Who Is The Real Clay Matthews?
Through four games in the 2011 regular season, Green Bay Packers outside linebacker Clay Matthews has just one sack. As the 26th overall draft pick two years ago, he notched 10 sacks in his rookie season, followed by a 13.5-sack performance his sophomore year in the NFL. Opposing offenses have resorted to giving him plenty of attention through chips, double teams, and moving the pocket away from his side. Fans and coaches alike have come to expect an elite level of play from Matthews.
And yet it doesn’t seem like they’re getting it.
Despite playing against a porous Chicago Bears offensive line and matching up against pedestrian right tackles, Clay Matthews has just one sack to his name. The worst part is that his sack is no more than a technicality, as first draft pick Cam Newton of the Carolina Panthers was running out of bounds on the play.
We gave him some leeway in Week 1 against the New Orleans Saints, since Drew Brees is an elite quarterback who can get the ball out of his hands quickly and accurately. The Week 2 matchup against the Panthers proved to be an unexpected performance from a rookie quarterback and a set of receivers that cut holes in the Packers’ secondary. Plus, Newton’s ability to run and the frequent checkdown passes required the linebackers to do some spying.
Then, after Week 3 against the Bears, people began to get worried.
Why hasn’t Clay Matthews been the disruptive force we’ve known him to be? Are the minor injuries and lack of preseason playing time catching up to him? Is the loss of Cullen Jenkins having that much of an effect across the line? Are offensive coordinators figuring out the defense?
It’s a frustrating situation, and despite all the opining from journalists and bloggers, no one has been able to come up with an answer.
Of course, this whole issue is just a slice of the larger problem – the Packers’ lack of a pass rush. Opposing quarterbacks are getting time in the pocket to make their reads, and there has seemingly been no consistent push along the line. This is what makes it challenging to sort out the concerns with Matthews’ performance.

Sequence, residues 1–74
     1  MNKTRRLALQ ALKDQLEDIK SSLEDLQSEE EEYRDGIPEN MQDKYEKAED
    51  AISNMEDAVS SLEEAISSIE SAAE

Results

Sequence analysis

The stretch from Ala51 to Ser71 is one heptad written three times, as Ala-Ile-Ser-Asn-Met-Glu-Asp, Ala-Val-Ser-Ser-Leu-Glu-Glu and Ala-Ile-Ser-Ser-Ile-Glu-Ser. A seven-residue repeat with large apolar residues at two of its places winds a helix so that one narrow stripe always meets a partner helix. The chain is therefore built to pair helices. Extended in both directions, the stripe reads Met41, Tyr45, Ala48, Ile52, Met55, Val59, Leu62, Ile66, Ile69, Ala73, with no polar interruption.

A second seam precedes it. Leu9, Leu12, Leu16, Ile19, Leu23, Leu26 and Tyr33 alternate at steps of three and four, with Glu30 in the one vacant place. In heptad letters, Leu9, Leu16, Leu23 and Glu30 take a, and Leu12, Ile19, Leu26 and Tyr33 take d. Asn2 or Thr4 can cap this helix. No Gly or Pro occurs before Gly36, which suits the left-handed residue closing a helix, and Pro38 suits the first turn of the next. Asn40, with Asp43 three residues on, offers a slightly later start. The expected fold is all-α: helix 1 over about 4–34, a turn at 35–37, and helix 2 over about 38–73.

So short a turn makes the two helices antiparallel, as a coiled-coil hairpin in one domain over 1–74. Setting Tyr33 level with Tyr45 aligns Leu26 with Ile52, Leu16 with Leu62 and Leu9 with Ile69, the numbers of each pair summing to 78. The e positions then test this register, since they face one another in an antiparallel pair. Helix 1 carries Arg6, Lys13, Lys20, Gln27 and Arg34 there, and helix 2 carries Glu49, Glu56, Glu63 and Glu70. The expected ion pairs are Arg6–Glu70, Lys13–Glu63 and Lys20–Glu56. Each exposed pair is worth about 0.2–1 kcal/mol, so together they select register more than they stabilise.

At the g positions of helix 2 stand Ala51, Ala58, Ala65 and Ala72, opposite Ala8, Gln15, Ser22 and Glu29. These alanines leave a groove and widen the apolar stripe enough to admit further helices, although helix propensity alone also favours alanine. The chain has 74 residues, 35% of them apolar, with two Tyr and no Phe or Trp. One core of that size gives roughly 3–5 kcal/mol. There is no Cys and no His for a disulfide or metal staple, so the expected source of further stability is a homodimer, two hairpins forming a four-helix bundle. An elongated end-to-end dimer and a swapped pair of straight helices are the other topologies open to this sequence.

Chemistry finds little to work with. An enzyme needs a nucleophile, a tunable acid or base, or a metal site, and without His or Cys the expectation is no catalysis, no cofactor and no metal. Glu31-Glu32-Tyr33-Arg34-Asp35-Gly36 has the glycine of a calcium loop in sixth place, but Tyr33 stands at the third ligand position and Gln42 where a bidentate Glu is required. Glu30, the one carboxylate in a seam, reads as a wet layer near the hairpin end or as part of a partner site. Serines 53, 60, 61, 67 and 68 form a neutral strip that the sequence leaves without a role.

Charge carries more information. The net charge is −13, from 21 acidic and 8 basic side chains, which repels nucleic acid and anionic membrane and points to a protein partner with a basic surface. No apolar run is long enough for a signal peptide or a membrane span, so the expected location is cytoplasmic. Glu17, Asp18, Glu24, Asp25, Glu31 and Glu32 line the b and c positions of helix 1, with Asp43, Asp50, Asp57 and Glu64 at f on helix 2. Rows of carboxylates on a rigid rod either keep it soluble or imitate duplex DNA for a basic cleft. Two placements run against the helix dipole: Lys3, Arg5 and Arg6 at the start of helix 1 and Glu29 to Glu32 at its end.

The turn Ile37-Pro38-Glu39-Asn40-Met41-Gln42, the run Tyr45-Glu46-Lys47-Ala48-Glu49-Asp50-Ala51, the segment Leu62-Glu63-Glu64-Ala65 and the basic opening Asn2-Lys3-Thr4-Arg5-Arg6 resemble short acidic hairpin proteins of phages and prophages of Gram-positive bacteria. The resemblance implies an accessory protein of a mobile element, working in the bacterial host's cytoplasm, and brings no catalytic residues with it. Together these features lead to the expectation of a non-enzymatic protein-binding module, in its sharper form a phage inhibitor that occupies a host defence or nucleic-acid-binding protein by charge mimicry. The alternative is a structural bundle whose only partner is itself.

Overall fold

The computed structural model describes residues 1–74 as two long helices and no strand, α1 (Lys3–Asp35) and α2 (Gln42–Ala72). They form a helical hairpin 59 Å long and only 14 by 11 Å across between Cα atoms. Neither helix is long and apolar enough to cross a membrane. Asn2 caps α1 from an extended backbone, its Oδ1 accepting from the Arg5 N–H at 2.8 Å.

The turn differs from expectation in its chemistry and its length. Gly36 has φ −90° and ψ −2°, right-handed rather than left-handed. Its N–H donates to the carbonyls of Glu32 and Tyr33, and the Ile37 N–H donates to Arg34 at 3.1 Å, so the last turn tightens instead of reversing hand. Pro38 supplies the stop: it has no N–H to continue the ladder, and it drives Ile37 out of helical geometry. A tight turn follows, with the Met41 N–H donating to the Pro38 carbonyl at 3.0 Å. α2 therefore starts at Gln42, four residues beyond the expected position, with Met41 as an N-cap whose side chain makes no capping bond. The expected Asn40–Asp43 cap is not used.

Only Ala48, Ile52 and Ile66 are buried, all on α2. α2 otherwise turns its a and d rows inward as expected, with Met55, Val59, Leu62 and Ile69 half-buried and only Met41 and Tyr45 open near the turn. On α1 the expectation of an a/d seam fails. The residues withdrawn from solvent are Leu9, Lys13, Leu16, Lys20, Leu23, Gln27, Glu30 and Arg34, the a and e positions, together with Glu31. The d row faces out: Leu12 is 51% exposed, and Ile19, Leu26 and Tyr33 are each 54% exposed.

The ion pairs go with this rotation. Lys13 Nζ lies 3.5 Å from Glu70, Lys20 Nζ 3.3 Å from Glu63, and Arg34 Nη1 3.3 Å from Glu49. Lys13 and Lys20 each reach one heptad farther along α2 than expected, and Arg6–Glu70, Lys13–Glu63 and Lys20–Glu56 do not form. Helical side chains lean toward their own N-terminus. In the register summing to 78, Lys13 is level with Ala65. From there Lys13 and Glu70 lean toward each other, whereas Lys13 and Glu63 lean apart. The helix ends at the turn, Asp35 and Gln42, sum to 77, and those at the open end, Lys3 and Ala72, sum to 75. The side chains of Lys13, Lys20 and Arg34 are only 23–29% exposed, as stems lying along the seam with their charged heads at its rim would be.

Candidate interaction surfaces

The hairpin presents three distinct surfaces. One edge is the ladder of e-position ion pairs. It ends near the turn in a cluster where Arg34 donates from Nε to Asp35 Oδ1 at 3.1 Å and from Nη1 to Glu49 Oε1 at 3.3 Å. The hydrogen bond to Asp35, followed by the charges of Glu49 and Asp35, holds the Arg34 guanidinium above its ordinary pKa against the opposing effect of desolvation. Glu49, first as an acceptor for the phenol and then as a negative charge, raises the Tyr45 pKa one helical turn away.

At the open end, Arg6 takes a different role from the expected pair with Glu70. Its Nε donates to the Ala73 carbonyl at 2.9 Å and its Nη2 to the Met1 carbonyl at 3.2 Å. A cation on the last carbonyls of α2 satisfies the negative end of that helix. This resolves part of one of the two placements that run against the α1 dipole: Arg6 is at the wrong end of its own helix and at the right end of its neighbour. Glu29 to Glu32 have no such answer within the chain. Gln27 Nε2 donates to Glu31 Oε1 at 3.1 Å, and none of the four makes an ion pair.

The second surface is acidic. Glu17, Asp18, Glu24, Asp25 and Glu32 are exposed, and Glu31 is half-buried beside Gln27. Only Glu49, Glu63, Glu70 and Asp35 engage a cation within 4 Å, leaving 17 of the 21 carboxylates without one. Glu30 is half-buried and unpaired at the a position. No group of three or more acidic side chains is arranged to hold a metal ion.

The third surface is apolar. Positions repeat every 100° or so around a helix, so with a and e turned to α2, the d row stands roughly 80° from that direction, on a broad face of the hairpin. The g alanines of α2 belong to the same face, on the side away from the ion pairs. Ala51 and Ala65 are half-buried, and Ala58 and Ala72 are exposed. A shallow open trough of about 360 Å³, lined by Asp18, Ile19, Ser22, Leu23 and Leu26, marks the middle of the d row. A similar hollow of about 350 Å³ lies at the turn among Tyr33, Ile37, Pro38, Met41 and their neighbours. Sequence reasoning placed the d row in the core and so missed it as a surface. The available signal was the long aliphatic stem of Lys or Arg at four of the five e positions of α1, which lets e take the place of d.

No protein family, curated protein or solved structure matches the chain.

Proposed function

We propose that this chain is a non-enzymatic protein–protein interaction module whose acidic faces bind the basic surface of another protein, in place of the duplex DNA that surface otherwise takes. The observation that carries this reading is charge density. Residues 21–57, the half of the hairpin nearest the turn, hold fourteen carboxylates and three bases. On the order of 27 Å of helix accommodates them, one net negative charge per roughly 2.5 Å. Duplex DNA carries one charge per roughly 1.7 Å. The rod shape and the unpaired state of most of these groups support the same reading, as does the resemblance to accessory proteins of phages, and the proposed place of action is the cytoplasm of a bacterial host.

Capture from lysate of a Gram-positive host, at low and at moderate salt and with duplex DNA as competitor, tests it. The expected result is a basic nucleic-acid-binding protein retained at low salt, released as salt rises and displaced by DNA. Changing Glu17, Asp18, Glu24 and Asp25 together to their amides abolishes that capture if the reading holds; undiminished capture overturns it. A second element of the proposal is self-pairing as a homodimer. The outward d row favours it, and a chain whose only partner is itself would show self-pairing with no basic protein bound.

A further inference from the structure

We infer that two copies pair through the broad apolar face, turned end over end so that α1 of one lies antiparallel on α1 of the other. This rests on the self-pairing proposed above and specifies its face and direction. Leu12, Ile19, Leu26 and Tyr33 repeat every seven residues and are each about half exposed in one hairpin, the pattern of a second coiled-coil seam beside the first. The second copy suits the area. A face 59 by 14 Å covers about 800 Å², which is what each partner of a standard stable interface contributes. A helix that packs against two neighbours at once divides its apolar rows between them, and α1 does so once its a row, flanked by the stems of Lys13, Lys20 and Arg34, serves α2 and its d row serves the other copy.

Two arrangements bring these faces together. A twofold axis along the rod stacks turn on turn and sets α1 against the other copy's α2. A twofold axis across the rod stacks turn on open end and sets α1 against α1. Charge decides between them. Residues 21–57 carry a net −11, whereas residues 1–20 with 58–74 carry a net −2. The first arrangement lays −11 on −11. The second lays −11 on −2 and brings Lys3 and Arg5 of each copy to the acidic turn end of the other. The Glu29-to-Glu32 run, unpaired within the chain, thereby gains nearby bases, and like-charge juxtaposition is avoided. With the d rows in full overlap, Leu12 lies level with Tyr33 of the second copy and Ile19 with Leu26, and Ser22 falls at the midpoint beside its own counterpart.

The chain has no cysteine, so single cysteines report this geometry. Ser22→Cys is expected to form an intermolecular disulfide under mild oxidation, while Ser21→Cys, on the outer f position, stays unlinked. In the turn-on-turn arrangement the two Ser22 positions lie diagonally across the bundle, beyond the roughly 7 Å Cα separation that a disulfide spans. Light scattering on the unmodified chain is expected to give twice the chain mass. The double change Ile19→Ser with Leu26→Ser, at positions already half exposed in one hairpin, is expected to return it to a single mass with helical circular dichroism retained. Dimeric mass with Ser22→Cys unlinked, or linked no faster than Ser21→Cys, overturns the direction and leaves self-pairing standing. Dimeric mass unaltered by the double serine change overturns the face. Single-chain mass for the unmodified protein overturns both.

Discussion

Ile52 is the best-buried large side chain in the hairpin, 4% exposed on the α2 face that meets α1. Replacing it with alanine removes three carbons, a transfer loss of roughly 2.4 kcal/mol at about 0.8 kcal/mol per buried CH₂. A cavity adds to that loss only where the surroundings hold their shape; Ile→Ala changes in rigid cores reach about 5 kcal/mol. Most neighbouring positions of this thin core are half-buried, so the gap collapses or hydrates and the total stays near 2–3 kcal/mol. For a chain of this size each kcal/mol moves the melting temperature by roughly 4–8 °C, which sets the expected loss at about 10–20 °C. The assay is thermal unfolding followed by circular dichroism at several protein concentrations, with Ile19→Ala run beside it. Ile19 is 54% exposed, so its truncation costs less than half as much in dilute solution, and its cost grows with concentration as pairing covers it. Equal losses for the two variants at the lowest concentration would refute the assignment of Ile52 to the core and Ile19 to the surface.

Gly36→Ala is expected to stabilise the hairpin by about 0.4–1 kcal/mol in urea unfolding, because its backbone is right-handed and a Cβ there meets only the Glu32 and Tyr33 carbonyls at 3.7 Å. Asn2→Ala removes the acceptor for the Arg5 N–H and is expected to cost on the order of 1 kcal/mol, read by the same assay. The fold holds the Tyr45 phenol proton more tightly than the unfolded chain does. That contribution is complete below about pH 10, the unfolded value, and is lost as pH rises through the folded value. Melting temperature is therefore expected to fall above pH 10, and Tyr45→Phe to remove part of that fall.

The thing we need to figure out first, then, is whether Clay Matthews’ lack of production is an external problem or an internal problem. Has his lack of sacks been a result of a change in his individual performance, or a product of the defense’s bigger struggles?
Who is the real Clay Matthews? The one with 23.5 sacks over two seasons, or the one we see now?
After looking at as much film as I have available to me (and using what little time I’ve had on my hands), I’ve come to some realizations about Matthews as an outside linebacker and pass rushing specialist.
First and foremost, Clay Matthews’ biggest strengths are his quickness, speed, and an unrelenting motor. He’s not the type of rusher who is going to physically drive a blocker backwards on a consistent basis, and as an outside linebacker, it’s not really expected of him. What you’ll most often see is Matthews looking to make a quick first step to gain leverage and get outside of the blocker. He’ll mix it up from there, but basically it’s his speed and that jump on the snap that makes him successful.
These attributes of Clay Matthews also make him particularly dangerous on stunt moves where he slips inside the defensive tackle and up the gut of the line. Matthews executes this play so fast that offensive linemen rarely have the reaction time to block him. In fact, he forced a holding penalty in the Bears game on such a stunt.
Another item of note is how Matthews has registered his sacks in the past.
Looking back at some of the plays he made in 2010, there were a significant number of instances where Clay Matthews literally chased down the quarterback to get the sack. In getting flushed out of the pocket or perhaps even on a planned bootleg, the quarterback would simply be pursued for the kill by the speedy Matthews.
And finally, it’s important to mention that in 2009, Clay Matthews didn’t record a single sack in 9 of the 16 regular season games. That number dropped to 6 of 16 in 2010; however, he never recorded 2 or more sacks in a single regular season game after the first two weeks, when he registered 6 sacks all together (or 44.4% of his total sacks on the year).
So at one level of the discussion, we might not even be giving things enough time to settle in.
Of course, in the same vein, Matthews is also on track to have just 4 sacks total for 2011. While he has notched four tackles for a loss and seven quarterback hits so far, the sack total – being the most impressive stat – has been a big disappointment and pretty uncharacteristic. There is time for him to turn the tide, but it grows shorter with each passing week.
One thing that isn’t really kept track of, however, is the amount of times Clay Matthews’ pressure off the edge has caused positive plays for the defense.